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ZeuS Found in Fresh Version Hiding Inside JPG Image Files, State Researchers

Senior Security Investigator Jerome Segura from Malwarebytes in collaboration with Xylitol a French Security Investigator report of ZeusVM one fresh version of ZeuS, widely recognized sinister Banker Trojan, that attacks while hiding inside JPG images, published scmagazine.com dated February 18, 2014.

Described as steganography, wherein pictures or messages are hidden inside other pictures or messages, ZeusVM has been observed doing the same.

On closely examining the file, the security investigators found that a picture had been copied that existed on World Wide Web to create the file; however, an extra code had been attached to it. With the help of steganography, ZeusVM's creators appended the malicious program's settings to the mentioned file while ensuring the latter remained undamaged.

Following decoding of the appended settings, the investigators discovered several financial institutions' names ZeusVM attacked.

Interestingly, since the malware settings file looks like one obscure picture, there are several advantages. First, ZeusVM manages to circumvent security software. Secondly, as the file is hosted on an unsuspecting web-owner's server, he quite likely wouldn't realize that the picture file associated with a cyber-criminal scheme.

Segura noted that Trojan ZeusVM's infection facilitated execution of man-in-the-browser and man-in-the-middle assaults. Additionally, visiting banking online sites would trigger the Trojan's activation and starting of communications within real-time.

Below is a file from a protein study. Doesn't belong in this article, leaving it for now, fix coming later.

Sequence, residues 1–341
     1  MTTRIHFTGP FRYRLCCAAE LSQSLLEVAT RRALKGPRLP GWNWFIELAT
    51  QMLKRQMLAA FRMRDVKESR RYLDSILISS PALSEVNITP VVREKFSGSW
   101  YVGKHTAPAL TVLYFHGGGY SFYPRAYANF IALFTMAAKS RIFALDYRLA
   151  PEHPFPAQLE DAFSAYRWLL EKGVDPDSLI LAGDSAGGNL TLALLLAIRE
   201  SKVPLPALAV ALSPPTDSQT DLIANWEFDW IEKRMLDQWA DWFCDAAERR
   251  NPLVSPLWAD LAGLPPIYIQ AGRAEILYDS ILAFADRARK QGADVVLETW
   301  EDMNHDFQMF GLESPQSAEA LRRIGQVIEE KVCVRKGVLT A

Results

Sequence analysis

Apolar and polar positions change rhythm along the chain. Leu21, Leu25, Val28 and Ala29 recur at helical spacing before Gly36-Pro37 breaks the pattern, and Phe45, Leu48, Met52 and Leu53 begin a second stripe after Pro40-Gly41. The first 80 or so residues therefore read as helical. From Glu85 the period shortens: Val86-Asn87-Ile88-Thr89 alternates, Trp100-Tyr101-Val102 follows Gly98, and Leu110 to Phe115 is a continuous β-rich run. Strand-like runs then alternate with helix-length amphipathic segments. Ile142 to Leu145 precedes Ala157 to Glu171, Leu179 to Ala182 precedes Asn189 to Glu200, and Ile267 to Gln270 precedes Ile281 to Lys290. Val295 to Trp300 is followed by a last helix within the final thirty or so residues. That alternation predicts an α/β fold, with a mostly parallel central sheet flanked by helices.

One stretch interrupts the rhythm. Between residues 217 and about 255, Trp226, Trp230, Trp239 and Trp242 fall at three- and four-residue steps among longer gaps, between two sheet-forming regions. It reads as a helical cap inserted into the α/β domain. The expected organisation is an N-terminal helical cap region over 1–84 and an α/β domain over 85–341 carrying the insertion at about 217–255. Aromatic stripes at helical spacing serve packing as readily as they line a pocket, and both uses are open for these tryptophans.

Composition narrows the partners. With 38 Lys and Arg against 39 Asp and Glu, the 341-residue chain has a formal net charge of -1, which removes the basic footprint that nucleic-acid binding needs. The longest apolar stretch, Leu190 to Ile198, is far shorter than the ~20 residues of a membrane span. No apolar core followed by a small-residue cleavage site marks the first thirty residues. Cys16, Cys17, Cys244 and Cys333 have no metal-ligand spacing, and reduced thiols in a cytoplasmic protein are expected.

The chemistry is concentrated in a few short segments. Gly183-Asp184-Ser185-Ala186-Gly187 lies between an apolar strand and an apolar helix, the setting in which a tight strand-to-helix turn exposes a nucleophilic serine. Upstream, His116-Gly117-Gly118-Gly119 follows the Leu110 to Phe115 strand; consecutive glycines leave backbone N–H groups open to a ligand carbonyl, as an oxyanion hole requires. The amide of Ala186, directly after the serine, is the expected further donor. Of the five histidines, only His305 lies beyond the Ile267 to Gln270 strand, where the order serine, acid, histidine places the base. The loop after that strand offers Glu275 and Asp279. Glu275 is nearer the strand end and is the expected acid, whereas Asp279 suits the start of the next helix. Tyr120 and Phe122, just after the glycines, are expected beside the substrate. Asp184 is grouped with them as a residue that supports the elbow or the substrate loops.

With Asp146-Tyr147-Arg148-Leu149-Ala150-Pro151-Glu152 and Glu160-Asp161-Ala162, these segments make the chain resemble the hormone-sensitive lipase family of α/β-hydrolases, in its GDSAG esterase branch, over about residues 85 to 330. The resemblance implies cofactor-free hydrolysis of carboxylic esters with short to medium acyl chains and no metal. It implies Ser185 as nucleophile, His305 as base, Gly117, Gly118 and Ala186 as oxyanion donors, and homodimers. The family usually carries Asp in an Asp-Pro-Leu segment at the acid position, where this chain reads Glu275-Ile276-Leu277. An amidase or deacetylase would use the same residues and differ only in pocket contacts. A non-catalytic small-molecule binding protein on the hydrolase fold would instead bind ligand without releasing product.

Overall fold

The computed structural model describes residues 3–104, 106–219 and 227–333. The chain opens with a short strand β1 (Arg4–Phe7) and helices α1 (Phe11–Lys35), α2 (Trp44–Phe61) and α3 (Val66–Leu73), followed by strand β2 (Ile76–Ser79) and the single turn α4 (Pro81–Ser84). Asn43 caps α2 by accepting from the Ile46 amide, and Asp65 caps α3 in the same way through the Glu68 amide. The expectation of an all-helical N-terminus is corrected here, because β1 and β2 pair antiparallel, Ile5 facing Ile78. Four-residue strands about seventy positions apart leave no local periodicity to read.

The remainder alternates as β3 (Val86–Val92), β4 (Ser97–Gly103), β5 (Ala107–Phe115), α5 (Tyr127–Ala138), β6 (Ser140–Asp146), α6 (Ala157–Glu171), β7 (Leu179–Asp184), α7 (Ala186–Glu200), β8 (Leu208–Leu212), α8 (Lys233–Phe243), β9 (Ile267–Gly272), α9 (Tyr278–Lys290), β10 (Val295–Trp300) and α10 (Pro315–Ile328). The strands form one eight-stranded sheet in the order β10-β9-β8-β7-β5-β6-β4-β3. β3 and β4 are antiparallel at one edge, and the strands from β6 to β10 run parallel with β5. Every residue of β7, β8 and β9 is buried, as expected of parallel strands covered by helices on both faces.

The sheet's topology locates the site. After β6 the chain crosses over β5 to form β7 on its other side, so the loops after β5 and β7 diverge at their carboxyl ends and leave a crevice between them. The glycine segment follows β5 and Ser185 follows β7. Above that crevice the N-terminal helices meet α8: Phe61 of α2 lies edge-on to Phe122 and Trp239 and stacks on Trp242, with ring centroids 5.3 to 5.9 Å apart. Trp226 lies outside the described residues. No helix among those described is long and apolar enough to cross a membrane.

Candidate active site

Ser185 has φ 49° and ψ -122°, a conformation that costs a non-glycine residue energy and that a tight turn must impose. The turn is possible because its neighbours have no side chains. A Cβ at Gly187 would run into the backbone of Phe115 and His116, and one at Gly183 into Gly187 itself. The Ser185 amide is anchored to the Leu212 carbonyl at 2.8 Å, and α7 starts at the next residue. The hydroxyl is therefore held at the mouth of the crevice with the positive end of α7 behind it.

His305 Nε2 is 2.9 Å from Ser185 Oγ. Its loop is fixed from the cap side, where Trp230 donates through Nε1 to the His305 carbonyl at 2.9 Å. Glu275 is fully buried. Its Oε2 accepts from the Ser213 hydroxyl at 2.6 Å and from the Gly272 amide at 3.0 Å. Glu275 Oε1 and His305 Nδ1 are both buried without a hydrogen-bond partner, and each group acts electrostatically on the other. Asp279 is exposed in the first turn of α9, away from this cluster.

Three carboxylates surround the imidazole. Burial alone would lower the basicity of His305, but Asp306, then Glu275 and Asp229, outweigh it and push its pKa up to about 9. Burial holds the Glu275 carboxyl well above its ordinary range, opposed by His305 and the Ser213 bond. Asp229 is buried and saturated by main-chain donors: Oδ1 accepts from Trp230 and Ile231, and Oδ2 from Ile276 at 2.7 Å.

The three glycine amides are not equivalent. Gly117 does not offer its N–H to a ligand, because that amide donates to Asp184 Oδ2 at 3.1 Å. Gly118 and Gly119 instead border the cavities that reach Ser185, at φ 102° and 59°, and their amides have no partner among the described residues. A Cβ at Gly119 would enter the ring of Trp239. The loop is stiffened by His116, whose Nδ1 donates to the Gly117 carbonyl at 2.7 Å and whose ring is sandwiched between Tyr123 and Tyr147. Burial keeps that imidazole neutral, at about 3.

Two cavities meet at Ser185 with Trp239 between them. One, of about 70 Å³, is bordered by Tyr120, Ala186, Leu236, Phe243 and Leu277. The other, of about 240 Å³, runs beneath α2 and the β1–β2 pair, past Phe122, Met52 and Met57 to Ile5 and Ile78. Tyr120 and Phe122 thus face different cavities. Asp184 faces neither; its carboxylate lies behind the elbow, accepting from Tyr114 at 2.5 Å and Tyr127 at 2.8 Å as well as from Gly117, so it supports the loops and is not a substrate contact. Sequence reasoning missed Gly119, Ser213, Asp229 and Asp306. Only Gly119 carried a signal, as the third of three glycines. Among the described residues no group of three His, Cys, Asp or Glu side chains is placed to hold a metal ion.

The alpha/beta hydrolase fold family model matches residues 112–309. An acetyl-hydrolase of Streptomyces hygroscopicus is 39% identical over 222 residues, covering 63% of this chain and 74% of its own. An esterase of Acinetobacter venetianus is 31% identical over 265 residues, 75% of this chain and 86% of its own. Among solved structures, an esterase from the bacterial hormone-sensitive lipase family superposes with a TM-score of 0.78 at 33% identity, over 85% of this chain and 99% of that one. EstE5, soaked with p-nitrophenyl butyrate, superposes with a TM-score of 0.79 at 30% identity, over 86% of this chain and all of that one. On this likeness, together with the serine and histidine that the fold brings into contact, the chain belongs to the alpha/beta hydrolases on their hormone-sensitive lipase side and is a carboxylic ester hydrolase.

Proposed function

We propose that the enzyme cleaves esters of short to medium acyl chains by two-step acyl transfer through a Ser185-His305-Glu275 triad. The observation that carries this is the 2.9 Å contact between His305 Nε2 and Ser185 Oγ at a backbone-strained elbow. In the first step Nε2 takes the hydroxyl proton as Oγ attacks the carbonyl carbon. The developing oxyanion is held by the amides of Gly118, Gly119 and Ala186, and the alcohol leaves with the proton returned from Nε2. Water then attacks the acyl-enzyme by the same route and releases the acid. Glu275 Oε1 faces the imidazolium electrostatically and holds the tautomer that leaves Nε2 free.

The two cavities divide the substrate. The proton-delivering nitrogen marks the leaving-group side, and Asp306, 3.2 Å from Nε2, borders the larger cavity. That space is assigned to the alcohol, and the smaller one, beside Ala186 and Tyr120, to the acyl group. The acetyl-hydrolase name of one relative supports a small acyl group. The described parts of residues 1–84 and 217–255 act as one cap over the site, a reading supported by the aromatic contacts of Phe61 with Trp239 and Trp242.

That meant that attackers could acquire specific details utilizing web-injects that would modify a page for logging in, alternatively they could change the amount figure of the victim's A/C and carry out wire-transfers whilst it would appear as though funds remained unmoved as before, Segura elaborated.

Meanwhile, malware implanting information onto harmless files is something not unprecedented. Recently in the past, Sucuri the website security firm revealed the manner in which a harmless appearing PNG file carried along undesirable commands.

Concealing malware in the above manner therefore enables bypassing IDS (intrusion detection systems) effectively.

As for the web-master, viewable pictorials would look innocuous, according to Segura that Cso.com.au published dated February 18, 2014.

Hence, users are being reminded that they shouldn't regard any file as secure just because it looks like one genuine image/film/music document, the researcher concluded on blog.malwarebytes.org dated February 17, 2014.

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